### Temporal Analysis

Our DFA results, on the other hand, demonstrate the presence and absence of corrective actions by the CNS at different time scales in both the task-relevant and task-irrelevant task subspaces. Both linear and non-linear time series analysis has been commonly employed to reveal temporal correlation structures (positive or negative) indicative of control strategies (destabilizing or stabilizing, respectively), primarily in postural control research (Collins and De Luca, 1994; Jeka et al., 2004). For instance, in a seminal paper by Collins and De Luca (1994) the authors demonstrated a complex correlation structure in the center-of-pressure time series recorded during quiet stance, a highly redundant task. However, this perspective has not been brought to bear to the study of task redundancy. Once again, one can argue that the available literature endorses *preferential* as opposed to a strict separation into clearly controlled and uncontrolled variables, but we lacked a specific quantification of the temporal nature of the dynamics of task-relevant and task-irrelevant that would allow us to infer the neural control strategies in each space.

As per Figures 8, 9, we find that both task-relevant and task-irrelevant variables exhibit the features of uncorrected divergence, Brownian motion and corrective action, depending on the time scale considered—as evidenced by positive, neutral, and negative correlations between force increments separated by different time periods (i.e., scaling exponents >0.5, = 0.5, and <0.5, respectively). As per Table 3, the UCM and Minimal Intervention approaches would predict a clearer separation of corrective actions (i.e., control strategies) across task-relevant and task-irrelevant variables.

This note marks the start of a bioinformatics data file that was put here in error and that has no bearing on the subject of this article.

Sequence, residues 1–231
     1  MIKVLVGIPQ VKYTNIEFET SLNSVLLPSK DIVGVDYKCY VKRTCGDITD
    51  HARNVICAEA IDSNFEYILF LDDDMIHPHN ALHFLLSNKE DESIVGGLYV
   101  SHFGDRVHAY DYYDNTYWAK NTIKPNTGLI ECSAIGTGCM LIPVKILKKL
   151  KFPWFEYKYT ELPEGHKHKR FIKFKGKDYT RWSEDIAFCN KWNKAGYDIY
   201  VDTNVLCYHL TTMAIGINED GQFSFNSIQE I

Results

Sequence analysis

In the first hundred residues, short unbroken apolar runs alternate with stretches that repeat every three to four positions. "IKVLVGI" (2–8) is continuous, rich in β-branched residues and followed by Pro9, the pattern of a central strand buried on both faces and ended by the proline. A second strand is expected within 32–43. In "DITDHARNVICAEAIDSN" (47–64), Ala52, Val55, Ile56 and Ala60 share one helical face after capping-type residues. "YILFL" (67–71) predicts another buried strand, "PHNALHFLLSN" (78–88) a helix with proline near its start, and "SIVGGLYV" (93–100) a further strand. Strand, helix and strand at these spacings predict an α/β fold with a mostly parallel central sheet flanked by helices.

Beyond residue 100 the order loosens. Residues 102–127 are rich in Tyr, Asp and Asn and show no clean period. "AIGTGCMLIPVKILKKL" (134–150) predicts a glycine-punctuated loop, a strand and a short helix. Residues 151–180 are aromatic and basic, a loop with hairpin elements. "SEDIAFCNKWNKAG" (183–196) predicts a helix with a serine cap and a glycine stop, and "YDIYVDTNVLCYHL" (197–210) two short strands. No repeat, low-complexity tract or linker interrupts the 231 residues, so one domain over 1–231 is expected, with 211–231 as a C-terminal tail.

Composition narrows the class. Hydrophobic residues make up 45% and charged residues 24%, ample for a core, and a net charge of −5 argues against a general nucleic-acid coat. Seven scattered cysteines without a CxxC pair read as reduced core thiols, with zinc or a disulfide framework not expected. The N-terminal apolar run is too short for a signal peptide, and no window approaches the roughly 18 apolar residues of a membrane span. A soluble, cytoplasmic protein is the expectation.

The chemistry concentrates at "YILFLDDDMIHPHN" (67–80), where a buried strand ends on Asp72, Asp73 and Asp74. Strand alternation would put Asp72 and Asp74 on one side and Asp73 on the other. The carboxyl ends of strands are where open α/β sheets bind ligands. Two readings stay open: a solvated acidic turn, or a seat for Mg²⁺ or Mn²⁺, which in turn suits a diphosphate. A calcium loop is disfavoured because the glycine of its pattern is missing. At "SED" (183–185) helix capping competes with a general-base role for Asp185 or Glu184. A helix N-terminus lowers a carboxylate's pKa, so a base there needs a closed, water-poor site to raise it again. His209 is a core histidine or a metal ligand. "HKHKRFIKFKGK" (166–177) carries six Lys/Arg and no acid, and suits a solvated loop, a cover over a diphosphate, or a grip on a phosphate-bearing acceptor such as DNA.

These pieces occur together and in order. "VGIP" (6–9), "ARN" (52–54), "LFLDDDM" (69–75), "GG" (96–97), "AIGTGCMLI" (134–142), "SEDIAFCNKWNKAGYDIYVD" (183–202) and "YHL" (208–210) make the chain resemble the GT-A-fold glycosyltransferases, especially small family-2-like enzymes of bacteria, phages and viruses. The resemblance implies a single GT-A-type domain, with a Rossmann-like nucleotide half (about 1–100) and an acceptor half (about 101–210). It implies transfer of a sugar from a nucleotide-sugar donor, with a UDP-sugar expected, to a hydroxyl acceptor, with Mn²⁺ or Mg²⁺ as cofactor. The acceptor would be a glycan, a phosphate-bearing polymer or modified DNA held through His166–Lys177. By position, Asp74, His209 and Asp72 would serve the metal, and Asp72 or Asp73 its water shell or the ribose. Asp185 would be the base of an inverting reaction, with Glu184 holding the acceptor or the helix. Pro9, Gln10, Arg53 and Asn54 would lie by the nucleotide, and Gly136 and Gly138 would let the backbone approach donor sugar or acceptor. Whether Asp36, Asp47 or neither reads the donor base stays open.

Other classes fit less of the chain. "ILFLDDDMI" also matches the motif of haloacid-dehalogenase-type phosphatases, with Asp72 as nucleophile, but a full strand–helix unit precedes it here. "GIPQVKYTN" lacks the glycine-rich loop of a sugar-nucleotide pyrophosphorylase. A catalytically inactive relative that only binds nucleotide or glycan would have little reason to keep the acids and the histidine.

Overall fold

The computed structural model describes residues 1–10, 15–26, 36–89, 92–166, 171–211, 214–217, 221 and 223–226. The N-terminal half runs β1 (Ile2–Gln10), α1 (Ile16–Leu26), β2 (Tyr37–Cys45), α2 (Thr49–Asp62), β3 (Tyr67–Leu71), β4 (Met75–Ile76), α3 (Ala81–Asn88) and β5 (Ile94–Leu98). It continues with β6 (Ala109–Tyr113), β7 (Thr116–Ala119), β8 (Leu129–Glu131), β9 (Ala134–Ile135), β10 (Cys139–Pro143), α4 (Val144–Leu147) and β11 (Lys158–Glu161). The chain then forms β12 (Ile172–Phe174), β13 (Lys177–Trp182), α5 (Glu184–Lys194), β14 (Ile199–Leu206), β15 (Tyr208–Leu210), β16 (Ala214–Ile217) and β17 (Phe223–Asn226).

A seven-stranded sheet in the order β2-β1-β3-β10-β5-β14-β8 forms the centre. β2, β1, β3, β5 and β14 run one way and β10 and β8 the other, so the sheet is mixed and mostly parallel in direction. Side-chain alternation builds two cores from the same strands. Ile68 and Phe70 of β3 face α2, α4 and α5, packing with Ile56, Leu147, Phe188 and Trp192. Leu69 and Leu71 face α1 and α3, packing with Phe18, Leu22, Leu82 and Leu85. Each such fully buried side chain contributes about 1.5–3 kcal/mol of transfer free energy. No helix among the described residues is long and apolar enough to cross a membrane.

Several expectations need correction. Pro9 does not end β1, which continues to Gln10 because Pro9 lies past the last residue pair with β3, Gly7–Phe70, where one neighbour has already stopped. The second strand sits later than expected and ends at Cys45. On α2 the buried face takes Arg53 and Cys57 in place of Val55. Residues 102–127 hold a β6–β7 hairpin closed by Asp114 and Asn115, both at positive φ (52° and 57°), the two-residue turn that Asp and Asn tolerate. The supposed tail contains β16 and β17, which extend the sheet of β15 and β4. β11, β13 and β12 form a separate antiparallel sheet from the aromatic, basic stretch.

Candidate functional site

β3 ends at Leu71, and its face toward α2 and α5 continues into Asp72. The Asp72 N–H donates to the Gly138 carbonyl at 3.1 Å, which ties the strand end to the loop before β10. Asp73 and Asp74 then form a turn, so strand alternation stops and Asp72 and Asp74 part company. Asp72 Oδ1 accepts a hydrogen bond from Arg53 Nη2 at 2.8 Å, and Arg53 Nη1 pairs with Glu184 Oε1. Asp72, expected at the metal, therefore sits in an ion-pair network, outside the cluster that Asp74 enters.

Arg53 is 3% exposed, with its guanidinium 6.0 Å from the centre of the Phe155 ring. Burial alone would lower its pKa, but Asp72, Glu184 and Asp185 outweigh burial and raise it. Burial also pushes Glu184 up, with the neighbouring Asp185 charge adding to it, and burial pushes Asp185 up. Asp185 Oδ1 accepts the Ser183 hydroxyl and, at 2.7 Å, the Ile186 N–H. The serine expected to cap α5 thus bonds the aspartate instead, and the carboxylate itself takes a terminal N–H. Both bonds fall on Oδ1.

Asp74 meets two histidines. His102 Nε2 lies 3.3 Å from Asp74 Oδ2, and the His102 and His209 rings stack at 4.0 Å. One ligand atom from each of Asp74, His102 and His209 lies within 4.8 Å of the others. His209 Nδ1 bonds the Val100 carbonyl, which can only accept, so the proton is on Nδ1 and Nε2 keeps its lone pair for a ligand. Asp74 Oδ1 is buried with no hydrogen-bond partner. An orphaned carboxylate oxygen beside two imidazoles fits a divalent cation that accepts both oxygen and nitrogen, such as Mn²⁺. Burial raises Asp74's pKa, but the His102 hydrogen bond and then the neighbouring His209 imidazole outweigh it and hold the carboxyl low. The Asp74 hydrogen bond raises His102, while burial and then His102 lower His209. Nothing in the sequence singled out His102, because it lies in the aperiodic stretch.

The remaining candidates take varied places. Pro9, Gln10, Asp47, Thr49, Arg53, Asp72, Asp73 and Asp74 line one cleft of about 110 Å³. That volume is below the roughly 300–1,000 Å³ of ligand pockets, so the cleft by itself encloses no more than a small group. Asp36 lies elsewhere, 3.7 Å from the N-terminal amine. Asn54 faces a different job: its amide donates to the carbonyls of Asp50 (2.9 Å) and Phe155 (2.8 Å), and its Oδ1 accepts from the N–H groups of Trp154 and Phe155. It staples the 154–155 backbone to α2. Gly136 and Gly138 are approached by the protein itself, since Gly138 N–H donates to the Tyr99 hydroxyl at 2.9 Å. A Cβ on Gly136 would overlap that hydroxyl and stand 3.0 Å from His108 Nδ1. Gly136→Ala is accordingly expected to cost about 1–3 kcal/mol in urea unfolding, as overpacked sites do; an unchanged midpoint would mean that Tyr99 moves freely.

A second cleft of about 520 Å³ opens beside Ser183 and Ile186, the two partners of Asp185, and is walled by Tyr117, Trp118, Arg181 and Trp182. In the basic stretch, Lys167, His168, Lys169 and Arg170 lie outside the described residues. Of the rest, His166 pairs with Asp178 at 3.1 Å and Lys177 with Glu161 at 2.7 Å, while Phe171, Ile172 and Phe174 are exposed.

**Figure 8. Representative DFA of projected normal force time series from one subject, where the data were collected in a 200 g weight trial, without visual feedback**. The plot shows the three scaling regions (1–50, 250–500, and 3500–7000 ms) which we used to fit the scaling exponent, for each normal force correlation Mode (Grasp, Compensation, and Hinge Modes). The red lines show the linear fits to the behavior of diffusion vs. time scale—their slopes can either be greater than, equal or less than 0.5 (dashed line), indicating the diffusive process is positively correlated (pc or uncorrected divergence), uncorrelated (uc or Brownian motion), or negatively correlated (nc or corrective action), respectively, at those time scales.

**Figure 9. Summary of temporal analysis**. Distribution of DFA scaling exponents of the normal forces projected onto the three Modes at three time scales—during the first (left box plots) and the second half (right box plots) of the trials, in trials *without* visual feedback. Solid arrows indicate the effect, if any, of adding visual feedback; and dashed arrows indicate the effect, if any, of increasing the weight. Note that these arrows indicate any statistically significant changes found based on the non-parametric statistical tests described in the text. We find that, contrary to the suppositions of the UCM hypothesis and Minimal Intervention principle borne by spatial analysis, at different time scales we see evidence of control effort (i.e., negatively correlated time histories with scaling exponents <0.5) in the task-irrelevant Modes (i.e., Grasp and Compensation); and evidence of uncorrected divergence in the Grasp Mode—which becomes task-relevant when visual feedback is provided—, and Brownian-like dynamics and unstable growth in the task-relevant Hinge Mode (i.e., non-correlated and positively correlated time histories, respectively, with scaling exponents ≥0.5).